Eddie Mullens Remembers

Eddie Mullens, long-time sports information director at Texas Western College and UTEP, recently wrote a retrospective on the Miners' 1966 national championship season.

Although we had howdied, probably at a high school basketball tournament the previous year, we did not begin laying the foundation for our friendship until Don walked into my bailiwick, the city room of the first newspaper in Texas to win the Pulitzer Prize.

We were a couple of young Turks. Don Haskins was employed at Hedley High School where he coached the boys and girls basketball teams and drove the school bus. I was a member of the Amarillo Daily News and Globe-Times sports staff. Since I was the new kid on the block at the time, my assignment was covering the smaller schools in the Panhandle, one of which was the Hedley Owls.

A few years after that get acquainted meeting at the coffee shop off the Daily News' city room, Don Haskins as the Texas Western College basketball coach and I as the Sports Information Director, traveled together thousands of miles, to hundreds of cities and hotel rooms and many, many basketball games leading up to the one that occurred March 19, 1966 when Don's team beat the Kentucky Wildcats 72-65 at College Park, Maryland.

That one game... No. Perhaps that one win, by an all black Texas Western starting lineup against Kentucky for the NCAA national championship probably did more to change college basketball than the jump shot, the three-pointer or, maybe, those short skirts of today's cheerleaders.

It is not my intention to expand upon what the game did for college basketball. That has been done hundreds of times by much better qualified people than this ol' retired sports information director. I feel what Jeff Darby, the UTEP SID, wanted for this website was a tour down memory lane by someone who lived it, recorded every game and was privy to many of the behind-the-scene events.

After we opened the season at home against Eastern New Mexico and won 89-38, several members of the media-then it was "the press" - and I gathered at the Pancake Cottage, a block from Memorial Gym, the site of Texas Western's home games and Don's and my small offices. I recall someone asking me that night if I thought we had a good team. I did. No one asked, and I would have wondered what they were smoking, had the subject of a national championship been mentioned.

Perhaps I began to get some idea this was a special team after it dismantled fourth ranked Iowa 86-68 to win the Sun Carnival Tournament. As the score indicates, Iowa was never in the game. Texas Western's defense was so tight, it looked like, the Miners had picked up the Hawkeyes when they got off the plane. Sports Illustrated came to El Paso to see the Hawkeyes. Instead it got a look at a Haskins team that was tougher than leather spaghetti and, before the season was wrapped up at College Park, had left 28 teams bluer than a sailor's tattoo.

Indeed, it was a fun time. But there were some hairy moments, like that time at New Mexico when the Lobos wired together a 20-point lead with 14 minutes to play. A very gifted Mel Daniels had the Miners hollering like Tarzan with his loin cloth on fire before Bobby Joe (Slick) Hill told his much bigger teammates, "If you guys can't handle that turkey, I'll take him." That got the attention of David (big Daddy D) Lattin, Nevil (The Shadow) Shed, and Harry (The Cricket) Flournoy. Shed later would steal an inbound pass in the closing minute of regulation, and the Miners won 67-64 in OT.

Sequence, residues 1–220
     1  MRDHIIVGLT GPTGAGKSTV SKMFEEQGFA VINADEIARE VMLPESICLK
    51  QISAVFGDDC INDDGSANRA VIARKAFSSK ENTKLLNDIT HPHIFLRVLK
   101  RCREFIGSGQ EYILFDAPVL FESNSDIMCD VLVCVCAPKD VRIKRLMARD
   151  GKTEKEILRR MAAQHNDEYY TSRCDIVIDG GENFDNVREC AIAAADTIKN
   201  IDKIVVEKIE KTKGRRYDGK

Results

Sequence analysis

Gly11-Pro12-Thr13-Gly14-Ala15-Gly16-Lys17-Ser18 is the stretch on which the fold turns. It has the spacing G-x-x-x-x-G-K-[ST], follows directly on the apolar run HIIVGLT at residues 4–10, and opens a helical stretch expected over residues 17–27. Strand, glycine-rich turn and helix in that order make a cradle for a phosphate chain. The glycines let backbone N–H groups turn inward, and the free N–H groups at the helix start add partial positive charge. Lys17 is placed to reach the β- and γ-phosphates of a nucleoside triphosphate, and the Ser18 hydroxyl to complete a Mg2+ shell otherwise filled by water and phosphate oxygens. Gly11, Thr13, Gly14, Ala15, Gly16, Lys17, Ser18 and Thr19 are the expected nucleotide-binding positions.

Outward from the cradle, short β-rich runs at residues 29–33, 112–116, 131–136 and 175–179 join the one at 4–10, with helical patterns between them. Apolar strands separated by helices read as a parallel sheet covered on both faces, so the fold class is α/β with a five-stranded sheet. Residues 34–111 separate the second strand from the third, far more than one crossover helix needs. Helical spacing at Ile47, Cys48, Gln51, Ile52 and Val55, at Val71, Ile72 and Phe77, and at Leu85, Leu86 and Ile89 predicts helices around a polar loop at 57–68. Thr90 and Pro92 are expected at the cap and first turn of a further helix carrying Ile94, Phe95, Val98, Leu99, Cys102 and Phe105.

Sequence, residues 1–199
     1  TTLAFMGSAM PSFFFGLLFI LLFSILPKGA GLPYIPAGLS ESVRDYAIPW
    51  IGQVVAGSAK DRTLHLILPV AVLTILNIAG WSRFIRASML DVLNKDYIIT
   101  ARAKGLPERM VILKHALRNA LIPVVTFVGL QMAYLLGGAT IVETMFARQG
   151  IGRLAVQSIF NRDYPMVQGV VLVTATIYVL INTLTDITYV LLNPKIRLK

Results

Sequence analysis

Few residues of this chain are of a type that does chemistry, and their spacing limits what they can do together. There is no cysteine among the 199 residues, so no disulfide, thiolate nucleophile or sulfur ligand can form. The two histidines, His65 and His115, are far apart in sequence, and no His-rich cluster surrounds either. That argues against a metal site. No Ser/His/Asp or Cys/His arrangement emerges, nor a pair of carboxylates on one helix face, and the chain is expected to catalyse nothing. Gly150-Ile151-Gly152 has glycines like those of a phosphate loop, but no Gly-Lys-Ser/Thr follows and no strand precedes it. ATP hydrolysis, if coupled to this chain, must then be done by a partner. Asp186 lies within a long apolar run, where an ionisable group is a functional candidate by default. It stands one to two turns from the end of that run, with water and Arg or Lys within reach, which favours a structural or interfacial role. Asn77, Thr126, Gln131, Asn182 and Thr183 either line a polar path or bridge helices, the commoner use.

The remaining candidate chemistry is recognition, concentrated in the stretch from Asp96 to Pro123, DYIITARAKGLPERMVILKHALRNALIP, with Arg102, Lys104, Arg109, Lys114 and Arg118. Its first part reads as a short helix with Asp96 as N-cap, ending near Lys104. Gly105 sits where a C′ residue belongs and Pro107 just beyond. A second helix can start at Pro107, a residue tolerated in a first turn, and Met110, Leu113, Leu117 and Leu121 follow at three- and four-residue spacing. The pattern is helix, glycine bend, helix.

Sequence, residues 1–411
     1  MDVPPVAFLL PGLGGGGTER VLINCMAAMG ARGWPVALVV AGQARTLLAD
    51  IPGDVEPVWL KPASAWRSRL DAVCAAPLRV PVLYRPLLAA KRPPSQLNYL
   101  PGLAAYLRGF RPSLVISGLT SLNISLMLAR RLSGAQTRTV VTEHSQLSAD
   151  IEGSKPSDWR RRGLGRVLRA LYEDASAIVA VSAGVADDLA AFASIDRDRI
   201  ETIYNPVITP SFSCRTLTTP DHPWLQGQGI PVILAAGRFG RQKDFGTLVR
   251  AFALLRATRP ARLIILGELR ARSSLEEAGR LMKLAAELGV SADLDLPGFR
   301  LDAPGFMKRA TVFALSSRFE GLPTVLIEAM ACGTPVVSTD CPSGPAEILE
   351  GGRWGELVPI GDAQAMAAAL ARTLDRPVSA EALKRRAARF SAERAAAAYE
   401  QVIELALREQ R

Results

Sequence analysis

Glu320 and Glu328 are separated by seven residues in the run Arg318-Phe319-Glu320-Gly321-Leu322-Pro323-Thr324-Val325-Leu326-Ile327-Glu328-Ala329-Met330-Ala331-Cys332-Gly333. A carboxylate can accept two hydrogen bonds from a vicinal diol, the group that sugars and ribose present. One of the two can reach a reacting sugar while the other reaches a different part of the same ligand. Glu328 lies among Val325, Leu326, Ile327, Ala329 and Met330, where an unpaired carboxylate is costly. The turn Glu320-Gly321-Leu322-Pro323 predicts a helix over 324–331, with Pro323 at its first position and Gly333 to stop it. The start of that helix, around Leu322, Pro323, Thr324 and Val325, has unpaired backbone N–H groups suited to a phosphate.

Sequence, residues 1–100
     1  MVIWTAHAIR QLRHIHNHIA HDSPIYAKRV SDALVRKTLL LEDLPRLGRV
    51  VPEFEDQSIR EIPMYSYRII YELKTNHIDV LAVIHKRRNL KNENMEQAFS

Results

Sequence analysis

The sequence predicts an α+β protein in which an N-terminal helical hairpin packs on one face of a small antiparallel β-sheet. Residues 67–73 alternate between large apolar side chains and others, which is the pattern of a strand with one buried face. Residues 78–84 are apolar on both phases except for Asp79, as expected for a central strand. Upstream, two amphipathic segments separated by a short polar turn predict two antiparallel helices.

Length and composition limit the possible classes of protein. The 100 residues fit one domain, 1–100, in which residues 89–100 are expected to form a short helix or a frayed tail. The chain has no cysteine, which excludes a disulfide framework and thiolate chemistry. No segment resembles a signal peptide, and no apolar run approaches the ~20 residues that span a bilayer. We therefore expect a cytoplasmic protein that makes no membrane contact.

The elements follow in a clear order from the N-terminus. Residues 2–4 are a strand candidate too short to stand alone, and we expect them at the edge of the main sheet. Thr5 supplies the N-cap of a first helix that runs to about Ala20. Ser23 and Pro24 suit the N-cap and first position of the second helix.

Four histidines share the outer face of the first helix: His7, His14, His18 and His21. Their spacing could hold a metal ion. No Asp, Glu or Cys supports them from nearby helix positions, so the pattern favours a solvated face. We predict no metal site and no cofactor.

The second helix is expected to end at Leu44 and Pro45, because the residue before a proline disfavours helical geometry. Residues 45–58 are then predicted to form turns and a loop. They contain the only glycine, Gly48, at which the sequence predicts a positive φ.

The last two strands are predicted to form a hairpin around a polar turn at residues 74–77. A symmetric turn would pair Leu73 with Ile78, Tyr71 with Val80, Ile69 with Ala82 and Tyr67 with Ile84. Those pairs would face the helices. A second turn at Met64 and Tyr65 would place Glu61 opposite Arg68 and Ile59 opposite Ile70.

I still chuckle about an incident that occurred during, and moments after, that game. When it became evident the Lobos were a serious challenge, a lady and her male companion, who sat immediately behind me, began giving me a hard time. The Lobos had not moved into The Pit in 1966 and their home games were played in much cozier Johnson Gym with the scorer's table, where I sat, very close to where the seating began.

As the game progressed, my chair was constantly kicked by the lady, and she often leaned much closer to yell just how overrated the Miners were and how much better the Lobos were. After Shed made that steal and scored as regulation time expired, I turned around to look at my hecklers. The lady...lady? Anyway, I was told to do something to myself that, despite medical technology advancement, is still impossible. And as the Miners ran their record to 18-0, I was given two No. 1 salutes. Only the pair used the wrong finger.

A week prior to the Lobo overtime affair, we were involved in a helluva game at Colorado State. It was tied at 66 as the Miners ate up the clock in the closing seconds, wanting to take the last shot, and Haskins called a time-out. Some member of the press slipped down to where I sat at the scorer's table to inquire as to who would take the last shot. "It'll probably be Orsten (Artis)," said I. Right. I was such an expert that when the ball was back in play, ol' "Slick" hit nothing but net and the Miners were then working on a 16-0 record.

It was almost three weeks later that the Miners beat this same Colorado State team, 72-55, at home to give Don Haskins his 100th college coaching win. His record that night was 100-25, not bad for an ol' boy who was driving a school bus a few years earlier. (When Don finished his career at the same university, now known as UTEP, his wins totaled 719.)

There were so many other incidents that I always referred to as "Games Outside the Games," things that have stuck permanently in my memory bank. One is a night in Rock Island, Ill., a few hours after we had beaten South Dakota 88-42 in the opening round of the Rock Island Tournament. A few members of the media, including the late Bob Ingram, sports editor of the El Paso Herald-Post, the late Jud Milton, our play by play voice of KTSM, and Roger McKown, of the El Paso Times, among others, were enjoying an after game toddy in the saloon, I guess it was called a bar, at the hotel where we were staying.